The primary lessons from my experiences of the last ten years are simple. 1) Everything does happen for a reason. 2) Other people behaving unprofessionally or cruel are not a license for you to act the same way. 3) There is always a tipping point in all abusive relationships where the effort to try to re-cultivate a professional rapport is simply enabling more abuse (and that no good ever comes from this). I watched so many co-workers who had been damaged to the degree where they honestly had nothing to hope for and no self-worth. I was determined to refuse that choice, and still take conscious steps to stay in touch with many of them to try to reinforce some positive impact on their psyche so that one day, they may be able to save themselves. Regardless of all of these things, I will continue to try to make the second aspect of my professional life, (and not the first), influence the third one I am about to enter. If I succeed, I will be an effective leader and unlike many who have led me in the past to dark times, I will never be worried about my platoon except for my responsibility to get them through our upcoming missions.

Saturday, May 24, 2014

An All-American RC Response

Today was going to be a slightly weird day no matter what, but as I headed out with my Aunt and my husband to go visit my cousin in hospice, I was completely disengaged somehow. I’m not sure if it’s due to my visiting so many people in the last year in assisted living communities that I have somehow psychologically checked out, but I guess it’s a basic defense mechanism. 

People at the end of their lives due to cancer all look remarkably similar to one another. The two most recent experiences were the most different men before their ailments got the best of them.  One of them, an egocentric, academic philosopher musician who approached the world as a way to assist in the growth of knowledge and critical thinking; the other, a loving philosophic socially self-sustaining man who was battling to reach a goal imposed by others and ultimately who later stopped trying to meet standards that were impossible and did not keep himself from realizing who he was and that he deserved basic human dignity.  While my aunt tried to be empathetic and was trying to say goodbye, I watched and finally just chatted with him for a moment, but we have understood each other for most of our lives and accepted and cared for each other without reservation for decades, so not much needed to be said, communication had been continuous enough to suffice without requiring a last rite of discussion or conversation. We were always able to speak without actually saying anything out loud to one another, and I was profusely grateful for that skill today.

No sooner had we left the hospice, that an incident in the Little Vietnam community near Bailey’s Crossroads, Virginia displacing nearly 100 Vietnamese and Korean Americans who were evacuated from their homes. So my husband and I went down to document the event and assist in the temporary sheltering and feeding as we were in town and available on Memorial Day weekend to volunteer.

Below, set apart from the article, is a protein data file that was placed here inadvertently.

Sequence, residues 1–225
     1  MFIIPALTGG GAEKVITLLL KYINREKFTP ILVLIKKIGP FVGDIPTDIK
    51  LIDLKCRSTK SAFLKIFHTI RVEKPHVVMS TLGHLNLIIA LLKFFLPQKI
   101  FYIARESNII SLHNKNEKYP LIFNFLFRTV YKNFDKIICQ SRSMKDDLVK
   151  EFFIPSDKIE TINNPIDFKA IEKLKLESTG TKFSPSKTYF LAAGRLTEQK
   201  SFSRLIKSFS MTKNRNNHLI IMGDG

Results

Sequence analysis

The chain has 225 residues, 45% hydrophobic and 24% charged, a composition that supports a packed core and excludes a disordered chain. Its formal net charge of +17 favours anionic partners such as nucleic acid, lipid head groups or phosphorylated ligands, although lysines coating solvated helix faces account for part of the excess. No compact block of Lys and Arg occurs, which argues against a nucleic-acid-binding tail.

Arriving on the scene in our poor man’s emergency response vehicle, nearly 100 Harley Davidson low ride motorcycles were parked all around the Best Western where Red Cross was providing temporary housing for the evacuees.  They belonged to many of the guests who were among the thousands in town for Rolling Thunder XVII “Ride for Freedom” to remember veterans listed as prisoners of war (POWs) and or Missing in Action (MIA). Several Caucasian males in Skullcaps, helmets and bandannas with chaps, vests and boots were mulling around the hotel trying not to have a complete flashback to their tours in Hanoi or Inchon while a huge white Hummer limousine unloaded the bride, groom and guests in every color of florescent satin and silk for an interracial wedding ceremony on the front lawn of the hotel.

As we pulled up and volunteers unloaded the poor man’s emergency response vehicles with meals from Miu Kee Cantonese Cuisine; additional Red Cross volunteers continued to feed and register the displaced residents upstairs, while affected residents were sitting downstairs with families and friends drinking in the hotel bar right next to the huge mugs of beer and the Duck Dynasty fan club.

Suffice to say, that today I felt like an actress in a movie having an out of body experience watching herself in a Theatre of the Absurd comedy on film while the music in the background was Oingo Boingo’s “We Close our Eyes."

Sunday, April 20, 2014

Enlivening Easter Experience

Although I’ve volunteered for Red Cross for over a decade, I never know what to expect during a disaster response—but I always expect to learn something. When the Regional Disaster Coordination Center’s call came on Easter morning 2014, I woke, rubbed my eyes, threw clothes on and headed out. The fire was in Glenarden, Maryland in a nice apartment complex with roughly 100 units. Today, I had a special assignment to document a Red Cross response to an incident and to enable our photographer to get a telling image that could visually explain what we do at a Red Cross response.